Aloe vera is a great multitasker.
Humans have been using this plant for thousands of years. Cleopatra used aloe gel as a moisturizer and people still use it to soothe sunburns.
Benefits of Aloe Vera
Consumers can drink food-grade aloe juice and gel for many benefits, including improved wrinkles and skin elasticity. Its natural compounds, especially its polysaccharides, show promise in bolstering immunity and improving digestion.
But did you know that this plant can also help increase nutrient absorption? Research shows that its polysaccharides help carry nutrients to cells, allowing for better absorption. In other words, the next time you take your supplements, wash them down with aloe vera juice instead of water!
Stop Flushing Nutrients Down the Drain
Ever notice how bright yellow your urine gets after you take your vitamins? That’s a sign that water-soluble nutrients intended to benefit your body are not being absorbed as well as they could be. Studies show that when supplements are taken with aloe vera instead of water, nutrient absorption improves by 200%.
Lily of the Desert has found a way to amplify those benefits to 2000%.
With its patent-pending process called Aloesorb, Lily of the Desert takes the heavier molecular weight polysaccharides responsible for acting like nutrient taxi cabs, isolates them, and infuses them back into its aloe products.
When Aloesorb juice was tested for nutrient absorption of vitamin C, the Lily product was found to be ten times more powerful than generic aloe, proving 2,000 times the absorption rate.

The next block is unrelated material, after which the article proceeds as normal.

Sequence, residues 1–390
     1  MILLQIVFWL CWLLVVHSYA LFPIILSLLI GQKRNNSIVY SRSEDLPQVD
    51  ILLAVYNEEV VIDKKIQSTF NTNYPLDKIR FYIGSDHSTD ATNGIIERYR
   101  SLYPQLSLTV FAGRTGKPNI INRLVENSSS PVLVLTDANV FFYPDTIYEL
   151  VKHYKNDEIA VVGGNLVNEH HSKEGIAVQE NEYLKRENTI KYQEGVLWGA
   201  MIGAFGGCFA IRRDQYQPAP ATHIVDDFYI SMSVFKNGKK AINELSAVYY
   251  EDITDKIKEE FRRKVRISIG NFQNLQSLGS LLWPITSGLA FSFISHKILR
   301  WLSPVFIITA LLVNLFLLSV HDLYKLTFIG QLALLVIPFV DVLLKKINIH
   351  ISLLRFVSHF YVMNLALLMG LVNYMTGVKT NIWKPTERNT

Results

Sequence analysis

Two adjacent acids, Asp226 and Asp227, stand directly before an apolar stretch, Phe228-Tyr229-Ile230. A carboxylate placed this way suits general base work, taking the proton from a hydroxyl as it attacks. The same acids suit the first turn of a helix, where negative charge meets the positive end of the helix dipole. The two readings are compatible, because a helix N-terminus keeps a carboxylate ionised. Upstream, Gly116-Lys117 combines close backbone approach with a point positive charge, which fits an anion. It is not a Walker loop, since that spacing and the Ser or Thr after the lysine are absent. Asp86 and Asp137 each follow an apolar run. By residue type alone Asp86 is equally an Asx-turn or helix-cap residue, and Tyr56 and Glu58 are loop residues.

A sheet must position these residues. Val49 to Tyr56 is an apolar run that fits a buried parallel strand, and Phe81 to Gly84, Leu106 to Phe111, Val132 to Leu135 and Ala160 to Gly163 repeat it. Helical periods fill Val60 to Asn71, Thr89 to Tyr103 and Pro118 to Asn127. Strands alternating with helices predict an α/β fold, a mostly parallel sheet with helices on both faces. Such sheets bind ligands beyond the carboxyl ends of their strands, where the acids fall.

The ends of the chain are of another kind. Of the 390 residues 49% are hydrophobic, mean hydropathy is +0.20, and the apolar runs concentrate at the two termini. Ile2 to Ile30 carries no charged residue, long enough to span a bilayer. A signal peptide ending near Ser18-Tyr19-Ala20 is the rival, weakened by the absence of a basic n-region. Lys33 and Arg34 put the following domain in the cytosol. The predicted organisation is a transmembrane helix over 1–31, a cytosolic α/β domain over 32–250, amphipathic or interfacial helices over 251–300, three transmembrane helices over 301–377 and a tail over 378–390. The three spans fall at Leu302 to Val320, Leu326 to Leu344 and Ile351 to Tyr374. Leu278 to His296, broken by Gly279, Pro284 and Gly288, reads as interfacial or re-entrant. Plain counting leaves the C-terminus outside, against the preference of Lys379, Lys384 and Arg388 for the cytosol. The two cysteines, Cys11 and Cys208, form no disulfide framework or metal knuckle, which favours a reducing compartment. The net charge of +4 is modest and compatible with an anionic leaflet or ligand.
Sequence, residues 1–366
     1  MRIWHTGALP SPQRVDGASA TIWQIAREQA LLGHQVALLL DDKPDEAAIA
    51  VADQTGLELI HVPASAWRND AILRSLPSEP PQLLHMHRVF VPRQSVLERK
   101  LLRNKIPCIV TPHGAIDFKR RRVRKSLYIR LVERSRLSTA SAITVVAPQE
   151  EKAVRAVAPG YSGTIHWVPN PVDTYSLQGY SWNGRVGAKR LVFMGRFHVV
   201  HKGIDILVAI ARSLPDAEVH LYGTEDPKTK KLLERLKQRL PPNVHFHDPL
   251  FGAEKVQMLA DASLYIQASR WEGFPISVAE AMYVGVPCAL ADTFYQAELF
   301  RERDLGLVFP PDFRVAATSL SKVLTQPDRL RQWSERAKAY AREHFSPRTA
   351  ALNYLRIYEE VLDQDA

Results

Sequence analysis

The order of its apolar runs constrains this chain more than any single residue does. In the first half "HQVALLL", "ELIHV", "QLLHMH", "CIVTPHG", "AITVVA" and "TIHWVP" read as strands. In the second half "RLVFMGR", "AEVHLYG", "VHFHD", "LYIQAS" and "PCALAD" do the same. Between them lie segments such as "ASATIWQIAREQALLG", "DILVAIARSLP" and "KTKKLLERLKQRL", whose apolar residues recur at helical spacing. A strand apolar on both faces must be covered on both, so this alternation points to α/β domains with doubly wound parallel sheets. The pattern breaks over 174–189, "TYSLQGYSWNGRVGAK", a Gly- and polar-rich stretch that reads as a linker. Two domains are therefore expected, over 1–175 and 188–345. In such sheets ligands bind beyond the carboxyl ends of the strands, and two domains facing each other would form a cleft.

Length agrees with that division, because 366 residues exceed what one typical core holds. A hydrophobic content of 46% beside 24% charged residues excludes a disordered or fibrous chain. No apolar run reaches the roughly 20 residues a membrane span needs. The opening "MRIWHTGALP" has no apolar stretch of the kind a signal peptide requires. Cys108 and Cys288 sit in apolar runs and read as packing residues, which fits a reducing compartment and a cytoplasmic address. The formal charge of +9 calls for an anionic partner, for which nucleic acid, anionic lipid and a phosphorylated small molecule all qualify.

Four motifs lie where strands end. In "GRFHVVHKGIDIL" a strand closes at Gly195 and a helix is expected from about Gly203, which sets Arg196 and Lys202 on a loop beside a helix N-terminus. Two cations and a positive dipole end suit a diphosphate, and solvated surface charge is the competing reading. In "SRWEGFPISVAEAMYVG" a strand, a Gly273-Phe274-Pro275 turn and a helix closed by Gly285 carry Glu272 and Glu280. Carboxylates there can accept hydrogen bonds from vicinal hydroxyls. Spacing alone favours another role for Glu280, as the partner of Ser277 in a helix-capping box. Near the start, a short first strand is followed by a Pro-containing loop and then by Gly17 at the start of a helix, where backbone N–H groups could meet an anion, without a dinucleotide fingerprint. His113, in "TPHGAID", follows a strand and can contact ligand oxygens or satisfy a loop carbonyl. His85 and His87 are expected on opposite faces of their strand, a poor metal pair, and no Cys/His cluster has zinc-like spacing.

“Given the polysaccharides’ enhancement of nutrient uptake, it certainly makes sense to get full value from your daily dietary supplements by taking them with a couple ounces of aloe juice,” writes Martie Whittekin, CCN, in her book Aloe Vera: Modern Science Sheds Light on an Ancient Herbal Remedy.
“Drink it plain or mix it with your morning fruit or vegetable juice.” It’s also great in smoothies, like this one that supermodel Bella Hadid loves.
Other benefits of Aloesorb include boosted immune support. Lily of the Desert products with Aloesorb have been shown in clinical trials to support an increase in white blood cell counts.
Get the Most Bang for Your Buck
ConsumerLab.com, a provider of independent test results, recently investigated how much money a consumer pays to get 25 milligrams of acemannan, one of aloe’s main bioactive polysaccharides.
Costs ranged considerably, especially because one product contained no acemannan! Lily of the Desert was rated as the top pick for drinkable aloe because it delivers 25 mg of acemannan at 20 cents. The closest competitor was 37 cents.